Everyday Myths

There are certain aspects of everyday science that we think of as fact, but in reality may be pure urban legend. In this section, you can learn about some of the everyday science myths you may encounter.

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If you think chainsaws were first invented to take down a swath of trees, think again. The real story is much more cringe-worthy and involves cutting bones during childbirth.

By Jennifer Walker-Journey

Is the world run by the Illuminati or just some reptilian overlords? Were the moon landings faked? Whether or not you believe this kind of stuff, you'll be entertained by our conspiracy theory quiz.

By Nathan Chandler

From plane crashes and deaths to sports superstitions and hexagrams, many people believe that the number 23 possesses magical properties.

By Patrick J. Kiger

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Ever seen a movie where the hero gets in an elevator, but the evil villain cuts the cables? Fortunately, elevators in the real world have so many safety features that you don't have to worry about dying if this happened to you.

By Kathryn Whitbourne

Whether you call it a contrast shower, a Scottish shower or a James Bond shower, it's guaranteed to wake you up. Here's why people are trying it.

By Kristen Hall-Geisler

You've heard this bit of hair care advice before, but is it true?

By Kristen Hall-Geisler

A surprising percentage of Americans believe that Big Pharma is hiding the cure for cancer because there's a lot of money to be made treating the disease. Experts explain why this isn't true.

By Dave Roos

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We've yet to find intelligent life outside of planet Earth. But instead of space, should we be looking right here but in other dimensions?

By Diana Brown

CERN's work has been groundbreaking to say the least, but conspiracy theories run rampant about the potential disasters it could cause, too.

By Diana Brown

Humans are awesome and we have superpowers of our own. But could a greedy world of "supervillains" twist them against us?

By Diana Brown

According to new research, many people believe wildly inaccurate myths about the brain and learning — even those who know a lot about neuroscience.

By Shelley Danzy

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Does your back flare up when a storm is coming? Many people swear that rain makes their joints hurt more. But science has had a hard time proving this.

By Alia Hoyt & Kathryn Whitbourne

Thousands of years ago, the Babylonians created the zodiac and dropped a constellation when it didn't quite fit into their schematic. Its name? Ophiuchus. Should it be part of our horoscope?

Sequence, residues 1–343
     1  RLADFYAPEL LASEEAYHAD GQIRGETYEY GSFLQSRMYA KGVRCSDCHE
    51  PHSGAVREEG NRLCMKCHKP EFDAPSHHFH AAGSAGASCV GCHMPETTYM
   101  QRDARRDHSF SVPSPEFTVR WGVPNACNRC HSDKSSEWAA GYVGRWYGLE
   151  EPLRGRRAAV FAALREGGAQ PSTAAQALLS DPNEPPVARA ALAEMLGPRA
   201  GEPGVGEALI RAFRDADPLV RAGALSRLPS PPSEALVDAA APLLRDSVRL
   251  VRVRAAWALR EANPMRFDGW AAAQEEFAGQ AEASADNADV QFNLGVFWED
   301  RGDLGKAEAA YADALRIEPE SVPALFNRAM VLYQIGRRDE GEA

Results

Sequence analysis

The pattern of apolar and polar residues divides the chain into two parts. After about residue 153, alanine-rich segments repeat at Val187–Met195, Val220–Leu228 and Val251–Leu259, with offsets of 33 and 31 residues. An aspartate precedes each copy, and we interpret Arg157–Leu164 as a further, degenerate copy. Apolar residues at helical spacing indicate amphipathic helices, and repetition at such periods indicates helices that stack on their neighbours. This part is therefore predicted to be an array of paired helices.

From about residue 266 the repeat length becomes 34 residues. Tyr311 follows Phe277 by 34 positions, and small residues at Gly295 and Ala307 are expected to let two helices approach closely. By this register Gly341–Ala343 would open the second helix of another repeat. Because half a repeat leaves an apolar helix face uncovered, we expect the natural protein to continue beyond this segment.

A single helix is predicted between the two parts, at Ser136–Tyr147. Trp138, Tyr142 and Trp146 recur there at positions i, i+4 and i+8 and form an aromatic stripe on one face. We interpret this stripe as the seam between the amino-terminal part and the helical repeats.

By Kate Kershner & Kathryn Whitbourne

Top atmospheric scientists say there's no evidence those lines in the sky are part of some sinister government plot. But will that dissuade conspiracy theorists?

By Patrick J. Kiger

Not sure what chemtrails are or where you stand on them? A newly published, peer-reviewed examination of the chemtrail hypothesis could be for you. We have the scoop.

By Jonathan Strickland

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A bunch of Yale physicists decided to give Schrodinger's cat not one but two boxes. And that, strangely enough, could eventually prove handy for quantum computing.

By Julia Layton

Fast, right? You'll have no trouble accommodating your vampire overlord.

By Robert Lamb

Astrophysicist Neil deGrasse Tyson and rapper B.o.B join centuries of folks who have argued over the shape of the planet. The diss tracks are a new twist though.

By Christian Sager

You've heard the term 'bloodcurdling scream,' and blood can thicken in response to actual physical threats. Is the same possible when the fear is entirely fictional?

By Chris Opfer

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Of all the cosmetic problems to worry about waking up to — dark under-eye circles, a blemish on your nose, new stubble on your chin — a headful of white hair ranks pretty low on your list. Should you be more concerned?

By Laurie L. Dove

Chicago has long been known as "The Windy City." It's a pretty cool nickname, but does it live up to it?

By Kate Kershner

Rainy, dreary, Seattle, right? Everyone says it's the rainiest city in the United States. However, Seattleites are keeping a secret from you. Find out if their rainy reputation is real — or if the rumor's all wet.

By Kate Kershner

Summertime fashion — light in weight and light in color. Are these pastel colors a designer's choice? Or do light colors actually keep you cooler, as some say? Read to find out if you should ditch the goth wardrobe this summer.

By Kate Kershner

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Walking down a city sidewalk, you protect your valuables and weave through crowds. Should you also beware of falling pennies?

By Laurie L. Dove

If you've ever been to a slumber party, you know the drill. Place your fingers under someone's body, chant "Light as a feather ... stiff as a board ..."and they'll magically rise up into the air. Is this old trick a true ghostly phenomenon?

By Debra Ronca